• Rick Spielman is entering his 12th season making Vikings personnel decisions, but he’s only overseen one playoff victory — a Brett Favre-led divisional-round win over the Cowboys. The Vikings are again expected to compete for a playoff spot but Jim Souhan of the Star Tribune writes ownership will have to weigh the GM’s status if another season ends short of a playoff triumph. Illustrating Spielman’s effectiveness while showing obvious difficulty in establishing consistency, Minnesota has made the playoffs with four different quarterbacks — Tarvaris Jackson, Favre, Christian Ponder and Teddy Bridgewater — in the decision-maker’s tenure. The Vikings likely have to do so with a fifth, Sam Bradford, if they’re to return this season.
  • The Bears’ Akiem Hicks extension followed Tuitt’s by a few hours Saturday, and he will be just shy of the Steelers defensive end on the AAV spectrum.
  • The Browns once again have a new starting quarterback, but they’ll again trot out a new No. 2 man. Kevin Hogan will be the next man up behind DeShone Kizer on Sunday.

NFC Notes: Rams, Cowboys, Eagles, Vikes

The Rams had been holding off on extension talks with franchise-tagged cornerback Trumaine Johnson because they wanted to see how he fit in new defensive coordinator Wade Phillips’ scheme during their offseason program. Well, Johnson and Phillips are apparently a match, as head coach Sean McVay said Thursday (via Alden Gonzalez of ESPN.com) that he “fits any system. You’re talking about a big corner who can run, he’s physical, he can tackle and he has great ball skills.” The Rams have until July 15 to reach a long-term deal with Johnson, who’s currently scheduled to rake in $16.742MM this year. The same deadline doesn’t apply to superstar defensive tackle Aaron Donald, as he’s still under control for two more years. The sides have discussed an extension, though, and McVay is “optimistic that something’s going to work out.”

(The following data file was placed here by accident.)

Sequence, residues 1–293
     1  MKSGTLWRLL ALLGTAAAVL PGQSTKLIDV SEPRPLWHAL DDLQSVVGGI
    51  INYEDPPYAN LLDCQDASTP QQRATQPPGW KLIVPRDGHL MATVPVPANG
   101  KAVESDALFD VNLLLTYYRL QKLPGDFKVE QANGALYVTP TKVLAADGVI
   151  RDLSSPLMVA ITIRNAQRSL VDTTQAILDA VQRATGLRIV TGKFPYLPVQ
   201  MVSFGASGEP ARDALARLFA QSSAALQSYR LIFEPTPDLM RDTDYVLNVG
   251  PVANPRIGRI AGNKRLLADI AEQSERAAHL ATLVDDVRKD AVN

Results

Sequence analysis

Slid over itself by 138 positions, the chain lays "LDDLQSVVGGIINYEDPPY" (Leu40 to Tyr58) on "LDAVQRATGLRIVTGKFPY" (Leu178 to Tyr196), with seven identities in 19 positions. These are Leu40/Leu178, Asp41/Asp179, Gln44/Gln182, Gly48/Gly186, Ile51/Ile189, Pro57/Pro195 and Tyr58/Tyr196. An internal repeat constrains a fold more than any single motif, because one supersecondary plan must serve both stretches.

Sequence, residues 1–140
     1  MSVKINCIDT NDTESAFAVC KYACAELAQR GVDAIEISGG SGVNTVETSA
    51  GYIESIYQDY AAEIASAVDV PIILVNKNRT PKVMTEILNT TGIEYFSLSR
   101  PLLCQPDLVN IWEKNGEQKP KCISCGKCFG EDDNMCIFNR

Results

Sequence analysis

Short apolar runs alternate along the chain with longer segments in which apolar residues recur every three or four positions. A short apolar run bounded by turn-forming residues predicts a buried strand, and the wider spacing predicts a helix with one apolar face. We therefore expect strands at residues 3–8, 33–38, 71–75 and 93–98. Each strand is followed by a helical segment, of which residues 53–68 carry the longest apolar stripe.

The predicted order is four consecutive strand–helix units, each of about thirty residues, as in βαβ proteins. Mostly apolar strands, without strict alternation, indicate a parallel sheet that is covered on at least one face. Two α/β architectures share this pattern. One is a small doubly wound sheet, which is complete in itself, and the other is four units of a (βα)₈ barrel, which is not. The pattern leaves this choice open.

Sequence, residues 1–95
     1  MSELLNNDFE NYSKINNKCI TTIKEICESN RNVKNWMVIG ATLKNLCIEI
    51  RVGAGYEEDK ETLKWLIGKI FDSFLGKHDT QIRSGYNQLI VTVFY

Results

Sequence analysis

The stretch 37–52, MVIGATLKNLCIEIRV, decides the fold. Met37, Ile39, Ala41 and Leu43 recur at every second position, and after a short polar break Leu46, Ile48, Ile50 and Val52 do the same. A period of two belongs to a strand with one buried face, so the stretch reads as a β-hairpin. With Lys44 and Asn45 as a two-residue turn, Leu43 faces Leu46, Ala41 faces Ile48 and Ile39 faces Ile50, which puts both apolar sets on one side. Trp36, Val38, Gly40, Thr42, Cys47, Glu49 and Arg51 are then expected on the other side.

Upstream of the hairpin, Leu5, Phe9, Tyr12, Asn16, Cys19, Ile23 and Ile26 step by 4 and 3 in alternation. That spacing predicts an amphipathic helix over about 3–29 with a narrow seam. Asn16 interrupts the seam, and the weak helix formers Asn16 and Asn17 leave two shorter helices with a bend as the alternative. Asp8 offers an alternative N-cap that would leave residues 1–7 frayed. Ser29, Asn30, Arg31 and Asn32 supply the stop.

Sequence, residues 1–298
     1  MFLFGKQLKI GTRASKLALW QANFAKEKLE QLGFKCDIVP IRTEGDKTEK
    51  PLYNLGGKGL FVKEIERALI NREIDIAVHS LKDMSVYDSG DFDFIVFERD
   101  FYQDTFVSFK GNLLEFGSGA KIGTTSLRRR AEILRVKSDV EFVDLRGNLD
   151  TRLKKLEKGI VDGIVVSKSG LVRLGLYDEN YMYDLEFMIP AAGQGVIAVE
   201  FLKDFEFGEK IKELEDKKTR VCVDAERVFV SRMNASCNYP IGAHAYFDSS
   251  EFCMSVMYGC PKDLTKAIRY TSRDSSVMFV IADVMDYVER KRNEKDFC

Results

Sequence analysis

More from the NFC:

  • One reason the Cowboys are uninterested in free agent cornerback Darrelle Revis is because they view him as a “progress-stopper,” according to Charean Williams of Pro Football Talk. The Cowboys used three picks this year on corners, including Chidobe Awuzie in Round 2 and Jourdan Lewis in Round 3, and seem content to lean on a group that includes those youngsters, second-year man Anthony Brown (whom they’re bullish on, per Williams) and the established twosome of Orlando Scandrick and Nolan Carroll.
  • After playing just 27 percent of the Eagles’ defensive snaps in 2016, linebacker Mychal Kendricks has been the subject of trade rumors throughout the offseason. For now, Kendricks is still in Philadelphia, and if he remains an Eagle this year, his role is unlikely to change, writes Dave Zangaro of CSNPhilly.com. The Eagles used their nickel package over 70 percent of the time last season, and they’ll probably rely on it heavily again; if so, Kendricks will continue to watch from the sideline as fellow linebackers Jordan Hicks and Nigel Bradham receive the majority of snaps. The 26-year-old Kendricks still has three years left on his contract, but releasing him would cost the Eagles $9.15MM in dead cap this summer. Barring a trade, then, he figures to spend the sixth year of his career with his only NFL employer to date.